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There is a natural fit between drums and trumpet. It stretches back all the way into prehistory, with the shamanistic combination of animal horns and percussive devices, persisting up until the early twentieth century in military drum and bugle corps who passed signals and directed troop movement. That synergy continues to bear artistic fruit to the present day in jazz, nowhere more so than in the work of distinguished trumpeter Wadada Leo Smith. He already numbers four such meetings in an extensive discography, including standouts on Wisdom In Time (Intakt, 2007), with Gunter Baby Sommer
on Sibanye (We Are One) (Intakt, 2008). He brings that same sensibility to this date, allied with an orchestral conception which finds him carefully deploying the component parts of his kit to construct a rhythmic latticework which both supports and challenges the trumpeter. For his part, Smith masterfully utilizes space and silence, along with pure-toned fanfares mixed with buzzing frayed edges and breathy susurrations, sometimes all within a single piece.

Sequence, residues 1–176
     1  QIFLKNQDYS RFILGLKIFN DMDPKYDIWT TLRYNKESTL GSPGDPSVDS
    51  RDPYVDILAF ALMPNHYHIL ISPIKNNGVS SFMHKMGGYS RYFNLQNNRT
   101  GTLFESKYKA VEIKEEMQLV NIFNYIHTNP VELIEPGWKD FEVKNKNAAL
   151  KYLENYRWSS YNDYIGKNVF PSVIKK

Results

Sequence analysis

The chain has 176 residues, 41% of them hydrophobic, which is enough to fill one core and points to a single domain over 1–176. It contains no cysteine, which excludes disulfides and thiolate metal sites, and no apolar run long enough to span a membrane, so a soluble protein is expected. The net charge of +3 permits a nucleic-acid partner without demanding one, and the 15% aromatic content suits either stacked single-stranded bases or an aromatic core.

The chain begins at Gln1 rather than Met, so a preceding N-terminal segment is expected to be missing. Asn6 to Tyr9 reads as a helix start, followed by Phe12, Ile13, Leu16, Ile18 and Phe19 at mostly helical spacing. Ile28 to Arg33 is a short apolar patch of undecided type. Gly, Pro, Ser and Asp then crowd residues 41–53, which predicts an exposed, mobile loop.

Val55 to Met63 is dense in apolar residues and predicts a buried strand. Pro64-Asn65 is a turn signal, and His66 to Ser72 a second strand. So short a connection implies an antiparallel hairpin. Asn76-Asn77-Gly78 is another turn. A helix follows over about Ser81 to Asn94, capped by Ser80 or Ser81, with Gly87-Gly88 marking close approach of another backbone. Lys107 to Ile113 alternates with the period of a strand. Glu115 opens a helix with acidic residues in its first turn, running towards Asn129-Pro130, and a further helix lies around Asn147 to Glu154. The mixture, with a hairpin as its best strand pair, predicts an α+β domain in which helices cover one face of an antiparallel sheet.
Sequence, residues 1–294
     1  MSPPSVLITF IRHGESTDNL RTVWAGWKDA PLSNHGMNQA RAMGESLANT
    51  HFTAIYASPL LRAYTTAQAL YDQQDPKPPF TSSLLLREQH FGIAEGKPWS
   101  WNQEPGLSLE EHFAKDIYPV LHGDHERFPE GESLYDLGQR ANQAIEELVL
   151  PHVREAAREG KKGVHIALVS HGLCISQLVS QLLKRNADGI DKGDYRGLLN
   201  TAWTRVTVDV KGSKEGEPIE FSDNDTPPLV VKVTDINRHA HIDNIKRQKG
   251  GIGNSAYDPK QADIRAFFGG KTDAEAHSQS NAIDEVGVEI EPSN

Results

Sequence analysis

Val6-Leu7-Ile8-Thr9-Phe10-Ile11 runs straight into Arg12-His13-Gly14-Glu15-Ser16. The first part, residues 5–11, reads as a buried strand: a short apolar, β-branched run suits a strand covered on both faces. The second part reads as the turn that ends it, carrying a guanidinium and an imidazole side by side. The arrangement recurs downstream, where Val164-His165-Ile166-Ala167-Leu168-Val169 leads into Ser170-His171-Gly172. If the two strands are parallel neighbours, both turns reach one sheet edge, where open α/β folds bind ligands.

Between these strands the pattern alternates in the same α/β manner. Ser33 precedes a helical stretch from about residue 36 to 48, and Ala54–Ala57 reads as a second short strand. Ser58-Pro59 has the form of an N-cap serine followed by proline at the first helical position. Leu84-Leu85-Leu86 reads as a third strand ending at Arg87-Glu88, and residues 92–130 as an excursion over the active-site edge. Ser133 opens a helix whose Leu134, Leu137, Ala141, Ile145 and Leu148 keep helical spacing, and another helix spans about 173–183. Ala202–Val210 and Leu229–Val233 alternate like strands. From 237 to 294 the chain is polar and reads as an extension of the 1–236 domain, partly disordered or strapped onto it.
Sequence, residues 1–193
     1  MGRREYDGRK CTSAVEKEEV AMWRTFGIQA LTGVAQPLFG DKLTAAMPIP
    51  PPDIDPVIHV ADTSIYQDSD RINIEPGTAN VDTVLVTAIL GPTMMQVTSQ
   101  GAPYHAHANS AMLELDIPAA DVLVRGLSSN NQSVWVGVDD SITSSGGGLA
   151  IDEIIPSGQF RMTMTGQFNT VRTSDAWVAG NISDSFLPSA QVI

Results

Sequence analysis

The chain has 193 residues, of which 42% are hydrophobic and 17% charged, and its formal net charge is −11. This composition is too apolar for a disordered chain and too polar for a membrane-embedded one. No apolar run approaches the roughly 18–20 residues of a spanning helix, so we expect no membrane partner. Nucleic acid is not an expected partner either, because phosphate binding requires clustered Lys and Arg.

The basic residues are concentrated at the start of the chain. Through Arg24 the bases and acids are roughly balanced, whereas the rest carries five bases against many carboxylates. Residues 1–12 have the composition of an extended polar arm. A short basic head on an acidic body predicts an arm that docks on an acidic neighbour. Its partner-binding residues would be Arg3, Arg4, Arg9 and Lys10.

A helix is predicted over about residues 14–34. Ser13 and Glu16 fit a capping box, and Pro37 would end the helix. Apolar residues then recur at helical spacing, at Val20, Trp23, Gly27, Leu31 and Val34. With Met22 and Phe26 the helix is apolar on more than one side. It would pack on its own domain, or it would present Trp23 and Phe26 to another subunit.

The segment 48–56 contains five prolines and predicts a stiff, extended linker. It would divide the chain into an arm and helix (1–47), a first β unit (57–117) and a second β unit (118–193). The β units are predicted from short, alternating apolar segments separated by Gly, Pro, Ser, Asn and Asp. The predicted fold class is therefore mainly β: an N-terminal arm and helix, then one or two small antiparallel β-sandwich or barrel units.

Together the duo crafts an understated program which features compositions from each alongside two spontaneous creations. The two establish an extraordinary colloquy from the off on "Moholo-Moholo/Golden Spirit," where Smith's delicate tip toeing muted trumpet unfurls tightly coiled melodies against a backdrop of cymbal swishes, punctuated by regular accented crashes, evoking thoughts of breathing and heartbeats. Later on Moholo's elegiac "Siholaro," dedicated to his father, the American rides the wave of a pulsing one-man drum choir. But it is the expansive title track, a five-part suite, improvised within a preconceived structure, where everything comes together. Framed by two percussion duets, the veteran pair conducts a perfectly formed dialogue, with Smith channeling varying trumpet voices atop an insistent tattoo. During the final selection, Moholo intones the names of musical heroes, past and present, including "Sonny Rollins